Anyway, have fun. And let us know about your experiences.


Thanks, and I appreciate the tips, JayVee! "What's really great about this system is that the power delivery is extremely predictable. If you drop a gear and pedal at a slightly higher cadence, the power immediately kicks in. On some of these mid-drives, it's difficult to know what to do in order to get the most out them." This is what I couldn't put into words. This is why, I felt, this bike was perfect for me. After trying the I-Zip, Raleigh, Kalkhoff and the Specialized, I couldn't find the right gearing or the proper cadence.With the STEPs combo it just felt right.
 

Aixa

New Member
Hello, I also fell in love with the way it handles. Ordered mine but thinking about a handle bar upgrade that gets me into a more relaxed position. Can you tell me a bit about the handle bar and grips you chose and measurements or other things to keep in mind when planning this upgrade? I am thinkink ergon GP1or GC1 but need to settle on the handle bar first.
 

Ann M.

Well-Known Member
@Lord Dreen, Congrats! I really like the expression on your face as you're looking at your new bike :D. Kinda, "wow, I really did just do this!" Anyway, you bought the right bike for you for the right reason; you feel good on it. That's the best reason. Keep us updated on your experiences.
 

Over50

Well-Known Member
I purchased a Wallerang last week after testing 6 different bikes in one day...

Congrats on such a nice bike. I rode it last year at an ebike expo and it has a lot to offer. I sure like the looks of their new Tapper with the Steps 8000. Looks like Wallerang is building some great product.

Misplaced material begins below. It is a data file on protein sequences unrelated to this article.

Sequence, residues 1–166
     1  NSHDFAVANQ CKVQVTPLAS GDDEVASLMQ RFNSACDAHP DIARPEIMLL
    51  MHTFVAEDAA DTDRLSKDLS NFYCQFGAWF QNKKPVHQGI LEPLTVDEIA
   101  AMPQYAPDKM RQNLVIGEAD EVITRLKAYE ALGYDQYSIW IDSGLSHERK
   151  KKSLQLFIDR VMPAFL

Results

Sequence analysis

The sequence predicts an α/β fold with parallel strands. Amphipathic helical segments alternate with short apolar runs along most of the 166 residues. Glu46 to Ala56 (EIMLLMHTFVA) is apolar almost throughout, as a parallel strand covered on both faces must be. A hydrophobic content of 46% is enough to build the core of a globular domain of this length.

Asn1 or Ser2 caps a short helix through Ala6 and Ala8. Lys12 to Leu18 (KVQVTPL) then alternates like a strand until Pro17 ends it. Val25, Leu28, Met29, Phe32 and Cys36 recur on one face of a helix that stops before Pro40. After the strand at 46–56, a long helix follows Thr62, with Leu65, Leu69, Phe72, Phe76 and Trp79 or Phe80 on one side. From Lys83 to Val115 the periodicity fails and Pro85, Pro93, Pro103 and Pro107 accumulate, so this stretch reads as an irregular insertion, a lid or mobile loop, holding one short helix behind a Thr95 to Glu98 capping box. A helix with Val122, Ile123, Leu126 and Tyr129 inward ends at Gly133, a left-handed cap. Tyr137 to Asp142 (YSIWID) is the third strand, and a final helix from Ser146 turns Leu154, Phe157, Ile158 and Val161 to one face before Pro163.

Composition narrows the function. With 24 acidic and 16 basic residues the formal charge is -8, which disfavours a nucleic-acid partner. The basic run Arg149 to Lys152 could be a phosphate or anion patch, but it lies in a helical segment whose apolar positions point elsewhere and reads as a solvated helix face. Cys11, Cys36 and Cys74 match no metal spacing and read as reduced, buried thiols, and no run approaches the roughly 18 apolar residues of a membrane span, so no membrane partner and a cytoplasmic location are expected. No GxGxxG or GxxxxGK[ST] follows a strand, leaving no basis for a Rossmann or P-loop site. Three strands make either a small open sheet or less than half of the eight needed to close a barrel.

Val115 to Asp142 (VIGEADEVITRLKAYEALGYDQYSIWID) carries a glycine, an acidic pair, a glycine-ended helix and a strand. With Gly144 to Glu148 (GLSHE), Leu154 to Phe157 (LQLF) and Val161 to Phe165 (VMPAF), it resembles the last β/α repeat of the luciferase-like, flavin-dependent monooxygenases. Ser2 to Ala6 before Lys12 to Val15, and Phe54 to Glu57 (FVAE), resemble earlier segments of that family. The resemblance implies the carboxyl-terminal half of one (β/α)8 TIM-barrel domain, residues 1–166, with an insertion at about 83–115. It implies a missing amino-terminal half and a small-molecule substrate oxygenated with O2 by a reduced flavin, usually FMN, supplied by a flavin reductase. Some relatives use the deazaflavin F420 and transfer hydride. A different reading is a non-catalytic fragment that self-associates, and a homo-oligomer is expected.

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Totalresults

New Member
Congrats on your new bike. Looks great. I love the cargo aspect of the bike.

Shimano Di2 + STEPs. Nice combo, I used a similar config all summer.

A tip for traffic: Just before stopping at a red light, drop a gear or two and switch into High assist mode. When the light goes green, accelerate up to cruising speed, and then switch back into Eco mode. You'll get off the line quick, get some exercise, and still get decent mileage. Unlike some other mid-drives, this is easy to do because of the cockpit where everything falls under your thumbs, and because you're assisted by electronic shifting.

I wasn't really fond of the STEPs drive when I first tried it, but I started to like it more as I used it and compared its behavior to other mid-drives systems (I rode about 1000 miles on the STEPs). What's really great about this system is that the power delivery is extremely predictable. If you drop a gear and pedal at a slightly higher cadence, the power immediately kicks in. On some of these mid-drives, it's difficult to know what to do in order to get the most out them.

Anyway, have fun. And let us know about your experiences.
Thanks for the Tip for Traffic.
I'm new here, figuring out what system to get. (Due to my Inexperience I am going through a very reputable Electric Bike shop here in Eugene, Oregon) My Giant Stance is medium frame=tough trying to fit batteries. Electric bike shop has a 250 mid-drive full-suspension=$$$$, but only have ridden rear drives.
My seat post rear rack should hold battery, but worry about height for swinging leg over.

Need full suspension due to body being a Trainwreck.

If anyone can direct me to a forum section where I can start learning best ways to go, I'd appreciate it!